If you have seen any of the Marvel movies, you know that the characters and stories are intertwined with all the other movies. Since 2008, all Marvel movies actually make up the Marvel Cinematic Universe. With this interactive data visualization, now there is a fun way to understand the connections between characters and movies inside the Marvel Cinematic Universe. Created by the data artists of the Straits Times in Singapore, this data viz is entertaining and easy to navigate. Marvel fanatics will really enjoy this one!
Living Space is an interactive data visualization of the International Space Station. Tiziana Alocci designed the project for BBC Future. The interactive design depicts every step of the construction of the International Space Station. This Data Viz / Interactive infographic is from 2015 but it's still a big favorite with us.
Do you know how many moons Jupiter really has? Did you know that Ganymedes, the largest one, is bigger than the planet Mercury? Designer James Round created this data visualization about the many moons of Jupiter with data about the names, sizes, date of discovery, and discoverer about each moon. It's easy to read and quite colorful. It could easily be printed as a poster to hang on the wall.
The hottest movie of the summer stirred up some realities about rich Asians not only in the US but also in Asia. The South China Morning Post created a series of data viz charts and interactive visualizations about the real wealth gap in Asian countries compared to the rest of the world. The entire set is quite interesting, the more fun being the interactive chart about how much rich people spend on clothes. The data adds up as you dress the people in the chart.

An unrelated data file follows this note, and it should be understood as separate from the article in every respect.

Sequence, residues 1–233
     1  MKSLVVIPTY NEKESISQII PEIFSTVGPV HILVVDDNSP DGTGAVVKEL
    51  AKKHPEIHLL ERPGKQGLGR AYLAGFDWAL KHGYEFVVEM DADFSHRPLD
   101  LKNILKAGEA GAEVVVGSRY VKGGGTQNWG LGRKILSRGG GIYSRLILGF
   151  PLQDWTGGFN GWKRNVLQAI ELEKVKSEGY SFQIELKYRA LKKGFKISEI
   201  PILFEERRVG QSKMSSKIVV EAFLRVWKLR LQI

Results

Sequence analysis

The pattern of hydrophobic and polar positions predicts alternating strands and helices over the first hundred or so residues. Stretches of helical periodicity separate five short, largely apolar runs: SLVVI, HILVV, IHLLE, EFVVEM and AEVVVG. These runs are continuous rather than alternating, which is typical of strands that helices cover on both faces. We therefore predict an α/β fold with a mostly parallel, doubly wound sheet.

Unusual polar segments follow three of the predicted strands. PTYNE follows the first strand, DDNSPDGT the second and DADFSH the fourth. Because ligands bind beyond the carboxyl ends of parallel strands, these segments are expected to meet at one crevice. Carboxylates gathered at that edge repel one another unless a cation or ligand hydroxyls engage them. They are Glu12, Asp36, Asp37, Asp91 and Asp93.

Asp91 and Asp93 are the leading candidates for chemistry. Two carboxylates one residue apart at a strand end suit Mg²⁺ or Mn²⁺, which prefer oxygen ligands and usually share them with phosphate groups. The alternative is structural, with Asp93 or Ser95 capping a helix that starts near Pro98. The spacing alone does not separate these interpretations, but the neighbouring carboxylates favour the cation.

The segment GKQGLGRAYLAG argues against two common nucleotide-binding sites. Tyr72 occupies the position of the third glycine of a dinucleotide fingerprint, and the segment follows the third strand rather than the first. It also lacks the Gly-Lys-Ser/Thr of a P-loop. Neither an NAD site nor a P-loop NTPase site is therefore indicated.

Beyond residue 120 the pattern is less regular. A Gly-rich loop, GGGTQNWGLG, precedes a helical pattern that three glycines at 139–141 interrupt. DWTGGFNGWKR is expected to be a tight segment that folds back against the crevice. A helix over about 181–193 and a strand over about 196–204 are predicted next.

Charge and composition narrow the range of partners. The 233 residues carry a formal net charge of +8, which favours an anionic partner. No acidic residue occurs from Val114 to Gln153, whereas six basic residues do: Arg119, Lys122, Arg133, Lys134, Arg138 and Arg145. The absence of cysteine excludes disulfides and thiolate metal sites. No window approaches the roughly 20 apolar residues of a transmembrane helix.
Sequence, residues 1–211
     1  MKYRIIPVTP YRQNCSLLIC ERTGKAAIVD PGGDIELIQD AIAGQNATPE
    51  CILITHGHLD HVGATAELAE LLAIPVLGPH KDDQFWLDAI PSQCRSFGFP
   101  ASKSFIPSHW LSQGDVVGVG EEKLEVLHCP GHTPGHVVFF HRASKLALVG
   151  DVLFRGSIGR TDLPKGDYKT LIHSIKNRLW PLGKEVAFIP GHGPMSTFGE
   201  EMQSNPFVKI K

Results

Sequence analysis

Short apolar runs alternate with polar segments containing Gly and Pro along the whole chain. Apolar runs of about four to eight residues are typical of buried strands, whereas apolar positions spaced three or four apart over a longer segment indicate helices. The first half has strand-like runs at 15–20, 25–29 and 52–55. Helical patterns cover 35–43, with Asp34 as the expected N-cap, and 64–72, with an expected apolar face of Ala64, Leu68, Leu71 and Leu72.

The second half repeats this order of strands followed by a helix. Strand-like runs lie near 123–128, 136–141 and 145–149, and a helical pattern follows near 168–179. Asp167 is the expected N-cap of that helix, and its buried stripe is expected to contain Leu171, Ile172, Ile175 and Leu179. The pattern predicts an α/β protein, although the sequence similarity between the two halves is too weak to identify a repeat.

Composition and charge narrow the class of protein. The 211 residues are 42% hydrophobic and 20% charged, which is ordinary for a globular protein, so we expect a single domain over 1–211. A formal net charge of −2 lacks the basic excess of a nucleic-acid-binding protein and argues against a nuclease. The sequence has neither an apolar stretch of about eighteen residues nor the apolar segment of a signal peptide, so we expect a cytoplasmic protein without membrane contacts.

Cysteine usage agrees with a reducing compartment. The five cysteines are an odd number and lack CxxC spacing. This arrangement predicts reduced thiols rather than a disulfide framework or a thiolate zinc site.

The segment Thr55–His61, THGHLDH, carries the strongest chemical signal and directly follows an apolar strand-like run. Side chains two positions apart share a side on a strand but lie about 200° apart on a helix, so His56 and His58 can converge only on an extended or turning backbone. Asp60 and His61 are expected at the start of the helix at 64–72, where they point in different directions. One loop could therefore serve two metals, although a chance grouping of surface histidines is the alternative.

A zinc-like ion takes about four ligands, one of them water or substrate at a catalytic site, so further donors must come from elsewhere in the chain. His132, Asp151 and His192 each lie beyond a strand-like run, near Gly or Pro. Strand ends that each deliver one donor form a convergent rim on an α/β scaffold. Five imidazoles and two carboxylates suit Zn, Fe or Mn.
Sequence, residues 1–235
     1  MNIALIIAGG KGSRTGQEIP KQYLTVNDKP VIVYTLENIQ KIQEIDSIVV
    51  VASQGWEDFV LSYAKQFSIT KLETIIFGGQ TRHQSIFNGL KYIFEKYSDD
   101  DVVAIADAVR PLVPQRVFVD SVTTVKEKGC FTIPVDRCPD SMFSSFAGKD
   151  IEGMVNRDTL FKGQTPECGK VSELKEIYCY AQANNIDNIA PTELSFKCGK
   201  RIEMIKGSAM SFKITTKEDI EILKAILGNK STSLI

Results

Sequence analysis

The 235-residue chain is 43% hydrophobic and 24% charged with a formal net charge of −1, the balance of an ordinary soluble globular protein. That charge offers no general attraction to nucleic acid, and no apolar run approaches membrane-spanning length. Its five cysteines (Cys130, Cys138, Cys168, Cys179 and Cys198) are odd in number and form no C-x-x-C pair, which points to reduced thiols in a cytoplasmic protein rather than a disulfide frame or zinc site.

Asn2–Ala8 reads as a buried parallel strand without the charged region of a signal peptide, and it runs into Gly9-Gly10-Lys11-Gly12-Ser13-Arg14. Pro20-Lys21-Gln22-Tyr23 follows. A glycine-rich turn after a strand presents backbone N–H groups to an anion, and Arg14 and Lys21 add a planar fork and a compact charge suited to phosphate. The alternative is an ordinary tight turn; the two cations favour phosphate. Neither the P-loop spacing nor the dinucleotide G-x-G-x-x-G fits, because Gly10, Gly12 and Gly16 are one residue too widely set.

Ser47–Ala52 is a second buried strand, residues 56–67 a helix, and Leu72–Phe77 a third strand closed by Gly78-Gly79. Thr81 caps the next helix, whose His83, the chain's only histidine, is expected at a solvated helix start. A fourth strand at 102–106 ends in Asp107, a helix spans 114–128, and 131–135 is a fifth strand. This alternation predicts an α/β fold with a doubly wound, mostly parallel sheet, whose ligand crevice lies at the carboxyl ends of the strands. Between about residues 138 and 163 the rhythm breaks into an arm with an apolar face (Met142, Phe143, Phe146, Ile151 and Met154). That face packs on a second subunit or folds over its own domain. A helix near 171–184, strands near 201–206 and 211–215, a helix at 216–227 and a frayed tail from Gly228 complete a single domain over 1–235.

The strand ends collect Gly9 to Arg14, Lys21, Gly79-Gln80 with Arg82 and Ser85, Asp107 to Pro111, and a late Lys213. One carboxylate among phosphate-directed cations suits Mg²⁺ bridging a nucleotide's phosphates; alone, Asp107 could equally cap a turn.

Alli Torban from Data Visualization Today was inspired by the Keuzestress visualization about choosing the right mascara which we mention above. Alli used a similar style to the eyes in the mascara visualization, but using hearts. Her data set was the survey results about women in data visualization conducted by Elijah Meeks. The Woman in Data visualization was an exercise in getting personal with data to the point of really knowing what you are working with.
Astronomy and interplanetary data are the main topics for amazing data visualizations and this one is no different. The large set of visualizations which makes up Figures in the Sky is all about how stars are shared by different cultures when imagining constellations. The three stars of Orion's Belt, for example, is used by 17 different cultures as part of lots of different kinds of constellations. Astronomer and data viz lover Nadieh Bremer did an amazing job with this data viz collection.
This data visualization by Federica Fragapane recollects data about the quantity of homicides in cities all around the world. The graphic is set up showing cities as verticals with different shapes depicting the total number of homicides placed along the horizontal axis of the total population. The data viz includes a legend on how to read the data and a small section with data only about Italian cities. It was created for the Corriere Della Sera culture supplement.
Sometimes a data visualization can be extremely helpful. Like this one about travel visa inequalities. Christian Laesser created this data viz after traveling to Thailand and wondering how each country had different travel visa advantages. This interaction design lets users click on a country and find out if a visa is needed to visit any other country and vice versa.
Clever and Franke are a data design company that works doing data analysis and design in both The Netherlands and the US. The CF Weather Chart is one of their favorite special projects. The latest version, the Fifth Edition, came out earlier this year and it's all about how weather affects our emotional states. The data viz collected tons of data about weather patterns and what people do at different times of the year. Correlations were made and the data viz set includes around 60 visualizations. The finished data art is sold as a printed poster.
This is another great data visualization by designer James Round. This time he concentrated on data about a hundred years of extinct species. The purpose was to analyze how they became extinct, when, why. Maybe with this data analysis, we can learn how to save endangered animals in the future.